Arthur M. Hussey III

Arthur M. Hussey III, Professor of Geology Emeritus, died on July 26, 2016, in Bowdoinham, Maine.

(The following notice was shared by President Rose on July 27, 2016)
To the Bowdoin community,

I write to share the sad news that Professor of Geology Emeritus Arthur M. Hussey, 85, passed away peacefully on Tuesday evening, July 26. For much of his 39-year teaching career, Art was the sole faculty member in the geology department, carrying on Bowdoin’s rich history in a field in which the College’s first science professor, Parker Cleaveland, played a prominent role. A dedicated field geologist and recognized authority on the structural geology of the Appalachians and of Maine, Art also curated the James Bowdoin III and Parker Cleaveland mineral collections at the College.

Arthur Mekeel Hussey II was born in Pittsburgh on March 9, 1931, and graduated from Wells High School in Maine in 1950. He traced his interest in geology to his childhood, when he played with (and studied) the cobbles and pebbles along the sea wall near his grandfather’s house in Wells Beach. He earned a B.S. in geology and mineralogy at Pennsylvania State University in 1954, where he won the W. A. Tarr Award for scholarship in the Earth sciences. His graduate study at Harvard was interrupted by service as a first lieutenant in the U. S. Air Force from 1955 to 1957. He continued his graduate study at the University of Illinois, and was awarded his Ph.D. in 1961. Before coming to Bowdoin, he was a visiting assistant professor at Purdue University in the 1960-61 year.

He joined the Bowdoin faculty in 1961 as a visiting assistant professor of geology, became an assistant professor in 1962 and an associate professor in 1966. He was promoted to the rank of full professor in 1972. Beginning in 1958, he worked with the Maine Geological Survey to describe and map the structural geology of the Maine coast from Kittery to Pemaquid Point. Art was a co-editor of the Bedrock Geological Map of Maine (1986), a comprehensive survey of the state’s rock formations and geologic history commissioned by the Maine Geologic Survey. His book A Guide to the Geology of Southwestern Maine was published in 2015, and summarized nearly sixty years of his research.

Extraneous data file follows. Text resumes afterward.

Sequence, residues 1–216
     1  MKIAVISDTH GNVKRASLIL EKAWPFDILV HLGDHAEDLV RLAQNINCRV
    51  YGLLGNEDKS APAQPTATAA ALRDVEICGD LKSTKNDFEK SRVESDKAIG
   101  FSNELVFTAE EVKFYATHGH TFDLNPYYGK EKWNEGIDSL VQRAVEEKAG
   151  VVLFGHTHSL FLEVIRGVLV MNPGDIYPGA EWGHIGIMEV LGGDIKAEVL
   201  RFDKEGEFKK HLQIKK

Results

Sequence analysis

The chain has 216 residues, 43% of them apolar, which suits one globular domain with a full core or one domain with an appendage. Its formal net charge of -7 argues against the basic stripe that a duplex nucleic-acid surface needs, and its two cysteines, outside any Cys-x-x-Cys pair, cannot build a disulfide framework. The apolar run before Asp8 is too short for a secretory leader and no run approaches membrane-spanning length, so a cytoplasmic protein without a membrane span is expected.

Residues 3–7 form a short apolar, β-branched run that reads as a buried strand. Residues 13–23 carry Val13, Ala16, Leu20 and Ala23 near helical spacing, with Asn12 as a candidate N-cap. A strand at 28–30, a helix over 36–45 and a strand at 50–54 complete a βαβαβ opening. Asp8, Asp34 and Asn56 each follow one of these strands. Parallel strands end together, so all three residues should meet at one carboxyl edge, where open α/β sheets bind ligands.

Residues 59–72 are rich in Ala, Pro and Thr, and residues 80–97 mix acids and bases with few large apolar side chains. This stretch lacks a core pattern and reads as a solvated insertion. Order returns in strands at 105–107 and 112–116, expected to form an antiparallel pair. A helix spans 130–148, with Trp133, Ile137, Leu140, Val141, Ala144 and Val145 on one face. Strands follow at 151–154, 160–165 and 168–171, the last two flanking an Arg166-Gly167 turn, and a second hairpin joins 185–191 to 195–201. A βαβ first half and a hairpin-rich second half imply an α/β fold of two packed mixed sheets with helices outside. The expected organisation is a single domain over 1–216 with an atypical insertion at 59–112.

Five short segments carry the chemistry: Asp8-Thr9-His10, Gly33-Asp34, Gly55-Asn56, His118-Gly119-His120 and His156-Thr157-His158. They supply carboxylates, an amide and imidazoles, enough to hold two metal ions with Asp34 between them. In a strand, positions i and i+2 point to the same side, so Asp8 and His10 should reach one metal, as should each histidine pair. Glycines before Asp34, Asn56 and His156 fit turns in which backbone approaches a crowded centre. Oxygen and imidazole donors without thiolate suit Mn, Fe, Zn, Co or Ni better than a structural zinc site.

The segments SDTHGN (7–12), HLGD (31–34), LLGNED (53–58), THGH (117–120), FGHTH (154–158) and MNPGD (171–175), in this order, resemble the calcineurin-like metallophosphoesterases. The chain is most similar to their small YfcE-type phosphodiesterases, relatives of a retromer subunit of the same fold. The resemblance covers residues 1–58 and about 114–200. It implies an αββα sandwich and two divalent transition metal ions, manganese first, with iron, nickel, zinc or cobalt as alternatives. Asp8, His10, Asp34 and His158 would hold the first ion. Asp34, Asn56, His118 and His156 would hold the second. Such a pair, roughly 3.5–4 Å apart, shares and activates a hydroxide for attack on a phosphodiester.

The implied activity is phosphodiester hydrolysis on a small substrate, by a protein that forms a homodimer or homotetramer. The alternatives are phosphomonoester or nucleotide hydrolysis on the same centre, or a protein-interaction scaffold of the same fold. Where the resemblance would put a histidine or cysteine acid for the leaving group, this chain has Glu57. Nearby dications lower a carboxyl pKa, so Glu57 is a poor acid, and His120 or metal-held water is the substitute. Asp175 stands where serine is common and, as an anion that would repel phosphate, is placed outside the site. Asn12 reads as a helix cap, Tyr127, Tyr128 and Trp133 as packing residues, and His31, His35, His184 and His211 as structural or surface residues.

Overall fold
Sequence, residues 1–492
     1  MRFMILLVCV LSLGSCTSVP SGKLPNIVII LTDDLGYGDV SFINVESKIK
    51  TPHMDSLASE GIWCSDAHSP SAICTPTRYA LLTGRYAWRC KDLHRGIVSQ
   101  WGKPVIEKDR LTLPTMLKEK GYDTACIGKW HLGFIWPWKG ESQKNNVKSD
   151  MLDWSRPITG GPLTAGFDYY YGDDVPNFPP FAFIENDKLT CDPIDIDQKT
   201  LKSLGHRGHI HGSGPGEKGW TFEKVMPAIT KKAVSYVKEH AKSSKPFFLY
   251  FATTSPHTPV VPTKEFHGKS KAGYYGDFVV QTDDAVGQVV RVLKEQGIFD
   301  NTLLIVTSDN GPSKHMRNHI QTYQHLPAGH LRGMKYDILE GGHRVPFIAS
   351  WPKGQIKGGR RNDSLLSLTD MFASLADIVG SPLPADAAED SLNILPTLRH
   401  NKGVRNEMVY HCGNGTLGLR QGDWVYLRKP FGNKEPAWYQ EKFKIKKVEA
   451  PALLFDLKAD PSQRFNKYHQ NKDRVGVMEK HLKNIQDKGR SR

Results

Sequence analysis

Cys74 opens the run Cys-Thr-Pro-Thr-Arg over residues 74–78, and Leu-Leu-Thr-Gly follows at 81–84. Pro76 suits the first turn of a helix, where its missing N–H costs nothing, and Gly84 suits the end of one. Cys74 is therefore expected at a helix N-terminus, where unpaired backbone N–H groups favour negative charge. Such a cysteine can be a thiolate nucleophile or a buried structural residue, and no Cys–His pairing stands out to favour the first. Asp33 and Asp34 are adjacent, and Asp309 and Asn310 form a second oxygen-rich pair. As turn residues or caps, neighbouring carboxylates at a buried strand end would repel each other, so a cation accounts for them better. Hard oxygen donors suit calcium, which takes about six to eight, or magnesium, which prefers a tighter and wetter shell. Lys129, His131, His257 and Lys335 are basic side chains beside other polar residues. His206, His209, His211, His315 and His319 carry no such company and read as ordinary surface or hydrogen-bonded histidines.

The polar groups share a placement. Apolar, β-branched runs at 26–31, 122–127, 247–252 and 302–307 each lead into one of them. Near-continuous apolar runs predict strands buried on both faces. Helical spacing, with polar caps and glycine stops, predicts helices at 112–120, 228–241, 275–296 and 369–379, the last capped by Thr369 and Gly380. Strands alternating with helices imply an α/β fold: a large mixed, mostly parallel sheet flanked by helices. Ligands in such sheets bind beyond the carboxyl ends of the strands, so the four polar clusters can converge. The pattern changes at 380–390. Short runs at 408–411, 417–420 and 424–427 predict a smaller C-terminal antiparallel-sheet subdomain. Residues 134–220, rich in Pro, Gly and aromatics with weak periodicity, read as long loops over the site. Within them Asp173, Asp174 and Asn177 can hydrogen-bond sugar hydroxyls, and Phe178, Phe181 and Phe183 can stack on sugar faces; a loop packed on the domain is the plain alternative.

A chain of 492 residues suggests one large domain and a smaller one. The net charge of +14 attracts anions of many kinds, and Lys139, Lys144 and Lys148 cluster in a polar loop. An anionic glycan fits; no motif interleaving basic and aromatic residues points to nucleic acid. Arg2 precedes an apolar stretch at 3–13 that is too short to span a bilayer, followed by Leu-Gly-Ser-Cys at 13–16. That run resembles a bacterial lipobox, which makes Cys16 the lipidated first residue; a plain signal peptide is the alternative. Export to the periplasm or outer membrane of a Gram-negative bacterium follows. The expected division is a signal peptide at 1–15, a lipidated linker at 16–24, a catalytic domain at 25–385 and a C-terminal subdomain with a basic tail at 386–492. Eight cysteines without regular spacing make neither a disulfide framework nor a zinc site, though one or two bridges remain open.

The author of scores of papers and maps on the geology of Maine, Art remained professionally active until the time of his death. He had co-authored a paper for a New England Intercollegiate Geological Conference field trip scheduled for this fall, and he would have been at the front of the group, sharing his knowledge about the deep history of a landscape he knew so well. Art was a lecturer and scientific consultant on many statewide geologic projects, ranging from mapping the bottom of Casco Bay to tracing seismic movements along Maine fault lines. When the College undertook the repair and reconstruction of the two Chapel towers in 2003 and needed to replace a number of stones, Art drew on his detailed knowledge of local geology to identify the quarry that produced the original stones. Always a teacher, Art led field trips for geologists, students, and the general public to acquaint others with the wonders of Maine’s geological history.

Art took great pride in his students and their accomplishments. At the time of his retirement, the Arthur M. Hussey II Prize in Earth and Oceanographic Science was established at the College to recognize an outstanding senior research project. He was a long-time member of the Geological Society of America, the New England Intercollegiate Geological Conference, and a board member of the Maine Mineral and Gem Museum in Bethel. The Geological Society of Maine was formed during an informal meeting of colleagues in Art’s barn in Bowdoinham in 1974, and he served as the organization’s first president and publications editor. He also served as a member of the Topsham School Board in 1971. Some at Bowdoin may not have known about Art’s passion for narrow gauge railroads and his volunteer work as a conductor for the Maine Narrow Gauge Railroad Company.

Art is survived by his children, Arthur M. Hussey III of Fairbanks, Alaska, Nathaniel Hussey of Matinicus, Maine; Mary Hussey Stride of Bowdoinham, Maine; several grandchildren; and his former wife, Ruby Lord Hussey.

We share with Art’s family, colleagues, former students, and friends a deep sense of loss at his passing.

3 Comments Arthur M. Hussey III

  1. Maine Narrow Gauge Railroad Museum

    We at the Maine Narrow Gauge Railroad Museum are deeply saddened to hear this news. We only just learned of it this morning. Arthur was a founding member of the museum, an active volunteer on the train since 1993, and a longtime board member. His support of the organization has been immeasurable. Arthur was very much beloved by all of us and his passing leaves an un-fillable empty space.

  2. Thomas Fortier

    On behalf of the Town of Ogunquit, Thank You Professor Hussey for all your time and efforts. You led field trips for the general public and acquainted us with the wonders of Maine’s geological history and the Marginal Way.

  3. Phil Richardson

    Art and I shared many enjoyable evenings together at the Portland organ concerts together over the 40 years of our friendship. He will be missed.


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